Despite Monte Cook Games’ guide being both entirely optional and entirely free, I’ve seen people protest against its existence as if it was an affront to the hobby.
And nor is a sign that your hobby is being taken away from you. You can still play evil characters if you want. Horrible things can still happen in-game.
This guide helps ensure that friendships are wrecked. What’s wrong with that?
So, if you’re interested in exploring the full and sometimes adult scope of RPGs and doing so in a way that doesn’t upset your friends in your gaming group, then this free guide is one to consider.
There’s a set of freebies coming from Chaosium too.
To honour the first anniversary of founder Greg Stafford’s death, from the 10th of October to the 31st of October, Chaosium will run #WeAreAllUs. Gamers are encouraged to upload images of them playing games with that hashtag and Chaosium will give away scenarios for their main product lines.
That’s a lot of free scenarios because Chaosium has a great collection of core products. They are;
- Rune Quest
- Call of Cthulhu
- King Arthur Pendragon
- 7th Sea
Have you ever wondered how the industry manages to maintain such a diverse number of games? Kickstarter has been a big part of this.
But, sadly, some rumblings are coming out of Kickstarter, and they have grown loud enough for Evil Hat Productions to press pause on their Kickstarter efforts.
Reports that Kickstarter have been firing staff who had been trying to organise a Union seem to have been the last straw for Evil Hat. The RPG publisher will not launch their campaign for the second edition of the roleplaying game Agon next week. Instead, they’ll be considering whether they stick with Kickstarter at all.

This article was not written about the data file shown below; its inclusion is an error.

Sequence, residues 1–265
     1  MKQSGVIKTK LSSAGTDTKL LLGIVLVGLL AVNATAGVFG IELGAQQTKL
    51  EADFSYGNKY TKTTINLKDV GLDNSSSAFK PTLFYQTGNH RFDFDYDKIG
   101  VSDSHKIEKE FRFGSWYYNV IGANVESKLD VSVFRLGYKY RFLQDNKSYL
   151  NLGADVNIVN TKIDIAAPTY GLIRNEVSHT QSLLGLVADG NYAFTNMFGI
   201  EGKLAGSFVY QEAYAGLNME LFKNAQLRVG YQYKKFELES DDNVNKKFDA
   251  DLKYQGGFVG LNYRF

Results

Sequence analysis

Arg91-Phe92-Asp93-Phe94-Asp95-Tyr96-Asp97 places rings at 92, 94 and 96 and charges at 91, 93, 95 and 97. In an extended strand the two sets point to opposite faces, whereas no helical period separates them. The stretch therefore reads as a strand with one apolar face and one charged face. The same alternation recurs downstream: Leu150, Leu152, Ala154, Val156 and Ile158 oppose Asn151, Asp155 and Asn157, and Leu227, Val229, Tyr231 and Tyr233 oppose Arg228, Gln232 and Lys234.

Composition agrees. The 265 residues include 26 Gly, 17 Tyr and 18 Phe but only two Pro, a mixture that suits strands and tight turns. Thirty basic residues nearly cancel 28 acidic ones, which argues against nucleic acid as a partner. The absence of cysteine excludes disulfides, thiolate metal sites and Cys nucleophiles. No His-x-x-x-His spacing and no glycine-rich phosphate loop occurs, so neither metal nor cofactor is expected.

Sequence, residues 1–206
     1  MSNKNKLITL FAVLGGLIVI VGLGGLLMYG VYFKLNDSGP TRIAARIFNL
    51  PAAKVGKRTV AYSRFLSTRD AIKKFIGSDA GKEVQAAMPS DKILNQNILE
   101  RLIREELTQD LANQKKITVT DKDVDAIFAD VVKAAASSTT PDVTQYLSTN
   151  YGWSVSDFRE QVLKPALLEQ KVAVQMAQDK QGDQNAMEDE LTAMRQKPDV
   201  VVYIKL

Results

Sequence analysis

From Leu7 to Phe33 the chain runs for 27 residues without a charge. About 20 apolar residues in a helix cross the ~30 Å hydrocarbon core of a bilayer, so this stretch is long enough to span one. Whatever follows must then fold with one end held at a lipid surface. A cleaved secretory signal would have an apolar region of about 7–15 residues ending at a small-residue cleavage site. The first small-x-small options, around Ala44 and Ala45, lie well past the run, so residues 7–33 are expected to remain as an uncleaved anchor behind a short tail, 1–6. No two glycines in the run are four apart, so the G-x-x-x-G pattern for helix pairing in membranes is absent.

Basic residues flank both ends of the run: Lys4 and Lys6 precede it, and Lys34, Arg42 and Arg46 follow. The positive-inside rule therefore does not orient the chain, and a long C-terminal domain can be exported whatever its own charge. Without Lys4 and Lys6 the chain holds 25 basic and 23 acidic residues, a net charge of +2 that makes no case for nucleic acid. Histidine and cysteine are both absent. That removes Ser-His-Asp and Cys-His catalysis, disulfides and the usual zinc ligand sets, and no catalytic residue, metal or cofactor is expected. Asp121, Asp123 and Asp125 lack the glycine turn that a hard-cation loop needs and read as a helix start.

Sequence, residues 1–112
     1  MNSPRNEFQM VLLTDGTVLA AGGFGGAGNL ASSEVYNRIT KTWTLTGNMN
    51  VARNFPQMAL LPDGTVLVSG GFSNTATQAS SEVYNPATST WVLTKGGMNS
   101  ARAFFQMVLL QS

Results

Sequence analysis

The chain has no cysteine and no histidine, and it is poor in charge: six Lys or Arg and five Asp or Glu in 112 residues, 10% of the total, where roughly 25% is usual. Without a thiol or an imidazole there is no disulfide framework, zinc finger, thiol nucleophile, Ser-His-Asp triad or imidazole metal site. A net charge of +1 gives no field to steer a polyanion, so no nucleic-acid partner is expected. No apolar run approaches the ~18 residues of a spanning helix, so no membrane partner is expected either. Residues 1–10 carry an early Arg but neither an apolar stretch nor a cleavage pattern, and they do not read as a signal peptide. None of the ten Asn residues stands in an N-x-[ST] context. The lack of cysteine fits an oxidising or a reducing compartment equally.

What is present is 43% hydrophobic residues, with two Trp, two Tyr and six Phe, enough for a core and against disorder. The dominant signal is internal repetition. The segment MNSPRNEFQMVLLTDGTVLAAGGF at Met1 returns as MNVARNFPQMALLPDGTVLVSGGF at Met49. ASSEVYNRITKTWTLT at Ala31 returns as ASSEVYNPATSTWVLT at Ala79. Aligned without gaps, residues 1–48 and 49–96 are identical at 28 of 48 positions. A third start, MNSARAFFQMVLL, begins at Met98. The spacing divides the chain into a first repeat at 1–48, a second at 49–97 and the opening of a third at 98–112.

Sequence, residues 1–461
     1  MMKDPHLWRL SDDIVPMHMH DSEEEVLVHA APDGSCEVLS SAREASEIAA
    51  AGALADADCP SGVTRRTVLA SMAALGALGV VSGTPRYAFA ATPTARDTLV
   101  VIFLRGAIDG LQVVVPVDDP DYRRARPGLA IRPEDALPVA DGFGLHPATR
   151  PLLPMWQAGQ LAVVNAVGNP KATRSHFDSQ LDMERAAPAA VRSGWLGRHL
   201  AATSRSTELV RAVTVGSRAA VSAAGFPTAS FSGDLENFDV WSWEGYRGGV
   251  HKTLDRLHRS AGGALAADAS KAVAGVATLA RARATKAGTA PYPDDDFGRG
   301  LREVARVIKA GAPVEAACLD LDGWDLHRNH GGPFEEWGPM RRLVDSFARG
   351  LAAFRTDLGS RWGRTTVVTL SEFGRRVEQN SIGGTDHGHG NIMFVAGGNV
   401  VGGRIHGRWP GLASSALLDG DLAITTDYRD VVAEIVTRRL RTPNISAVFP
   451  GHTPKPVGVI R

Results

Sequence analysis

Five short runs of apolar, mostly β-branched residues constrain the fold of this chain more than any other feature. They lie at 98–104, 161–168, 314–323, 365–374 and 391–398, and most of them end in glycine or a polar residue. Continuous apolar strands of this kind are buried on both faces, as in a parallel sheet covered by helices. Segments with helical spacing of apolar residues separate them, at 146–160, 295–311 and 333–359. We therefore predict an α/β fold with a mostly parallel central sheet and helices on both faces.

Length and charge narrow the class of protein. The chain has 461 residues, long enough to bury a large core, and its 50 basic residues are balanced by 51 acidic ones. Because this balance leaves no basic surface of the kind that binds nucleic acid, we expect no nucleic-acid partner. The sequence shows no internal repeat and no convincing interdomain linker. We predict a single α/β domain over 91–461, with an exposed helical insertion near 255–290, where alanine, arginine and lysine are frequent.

This is significant. Without Kickstarter, there wouldn’t have been a Fate Core set of rules. This set of rules is used in a great many games.
You could even make an argument to say that without Kickstarter there wouldn’t even be an Evil Hat Productions.
Kickstarter isn’t a ‘normal’ company. It’s a Public Benefit Corporation which means it is legally obliged to consider the public good as well as make money.
The crowdfunding platform has had rocky periods in the past but things were settling down until last year when neo-Nazis caused trouble by suggesting that a satirical comic called “Always Punch Nazis” broke the platform’s guidelines by encouraging violence.
Senior management stepped in and rather than agreeing that it is always right to punch Nazis, as it is, they overruled the community to take the comic’s campaign down.